E-collar... check

Prong collar.... check

Dominant dog collar... check

Off to another pleasurable training session with my happy, stable, obedient, motivated, and very loved friends!  

Thanks to all the helpful info on Leerburg,

For more information on this topic, see Thursday's Newsletter.

*If you have a training question – write Cindy here at Leerburg at cindyr@leerburg.com
*If you have your spam filter on, make sure you set it to receive our replies!!!
*Our newsletter is a big success and we would like to send out a huge THANKS to our wonderful customers! Since beginning this newsletter our volume of email has greatly increased and you may have a longer than usual wait for a reply to your question. We will answer; it just may take us a bit longer than you are accustomed to. In order to speed up this process, please condense your questions to a paragraph or two. This will make it MUCH easier for us to answer in a timely fashion. Your questions are important to us and we always appreciate receiving them. If you have a medical issue or emergency, please consult with a health care professional right away. We can’t diagnose or treat sick dogs via email. Also, try using the search function on our site - it now searches the site AND the web board. Thank you. Ed & Cindy

A Recent Leerburg Testimonial
See Previous Testimonials

Thank you for your site. This is the type of no nonsense dog training I grew up with. But you also learned from your mistakes and you humbly pass the knowledge on to others. The information you give makes me think about what I do with my pup and the repercussions.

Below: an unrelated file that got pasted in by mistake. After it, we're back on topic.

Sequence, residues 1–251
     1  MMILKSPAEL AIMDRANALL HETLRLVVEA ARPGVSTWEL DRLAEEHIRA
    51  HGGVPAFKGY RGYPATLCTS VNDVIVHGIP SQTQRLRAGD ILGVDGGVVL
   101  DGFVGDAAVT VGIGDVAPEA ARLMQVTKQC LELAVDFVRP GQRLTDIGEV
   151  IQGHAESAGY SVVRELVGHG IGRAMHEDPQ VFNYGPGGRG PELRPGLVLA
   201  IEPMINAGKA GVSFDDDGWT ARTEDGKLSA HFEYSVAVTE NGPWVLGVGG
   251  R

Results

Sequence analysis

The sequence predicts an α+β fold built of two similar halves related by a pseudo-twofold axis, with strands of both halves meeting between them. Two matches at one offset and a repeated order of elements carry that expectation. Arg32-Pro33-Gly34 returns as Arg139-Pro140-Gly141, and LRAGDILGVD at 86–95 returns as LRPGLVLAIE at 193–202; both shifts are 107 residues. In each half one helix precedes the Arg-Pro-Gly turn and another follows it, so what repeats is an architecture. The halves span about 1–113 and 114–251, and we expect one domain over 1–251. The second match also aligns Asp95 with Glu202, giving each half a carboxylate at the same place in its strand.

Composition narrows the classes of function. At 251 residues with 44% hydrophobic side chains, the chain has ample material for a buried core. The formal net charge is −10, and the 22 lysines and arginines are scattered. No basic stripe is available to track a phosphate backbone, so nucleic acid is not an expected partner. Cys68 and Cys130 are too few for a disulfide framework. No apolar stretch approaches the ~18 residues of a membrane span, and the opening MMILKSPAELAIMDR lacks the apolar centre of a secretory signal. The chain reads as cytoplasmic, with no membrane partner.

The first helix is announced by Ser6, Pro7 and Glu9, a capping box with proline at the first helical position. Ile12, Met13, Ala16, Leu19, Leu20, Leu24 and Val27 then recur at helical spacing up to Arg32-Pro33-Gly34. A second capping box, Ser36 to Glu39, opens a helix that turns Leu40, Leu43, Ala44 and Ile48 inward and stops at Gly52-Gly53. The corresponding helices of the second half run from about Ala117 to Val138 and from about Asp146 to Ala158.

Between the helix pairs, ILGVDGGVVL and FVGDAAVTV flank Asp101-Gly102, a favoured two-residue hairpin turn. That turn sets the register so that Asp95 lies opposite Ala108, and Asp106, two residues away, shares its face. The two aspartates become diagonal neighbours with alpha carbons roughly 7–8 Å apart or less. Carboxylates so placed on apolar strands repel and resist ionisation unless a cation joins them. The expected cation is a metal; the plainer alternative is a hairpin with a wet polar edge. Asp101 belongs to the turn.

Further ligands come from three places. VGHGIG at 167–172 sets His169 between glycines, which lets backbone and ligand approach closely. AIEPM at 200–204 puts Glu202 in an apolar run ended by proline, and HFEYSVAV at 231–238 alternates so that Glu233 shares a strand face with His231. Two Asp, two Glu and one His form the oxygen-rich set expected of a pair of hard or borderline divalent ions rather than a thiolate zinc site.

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We Support & Recommend
The Michael Ellis School for Dog Trainers

More details on courses, course content and dates available on the website.
A list of Michael Ellis Seminars

There are still some openings for upcoming classes!

The next Obedience Intensive course in October is filling up fast, only 5 spots left! There are a only 2 more openings in the next Protection Theory courses. The section on Theory starts on July 26th and the Decoy section begins August 2nd.


The next
K-9 Basic Course
will be held in the Albuquerque Metro Area

Beginning October 11th. 
There are still a couple slots left.

Info is available at http://www.k9services.com
You can find standards and the syllabus for the courses here.

Kevin Sheldahl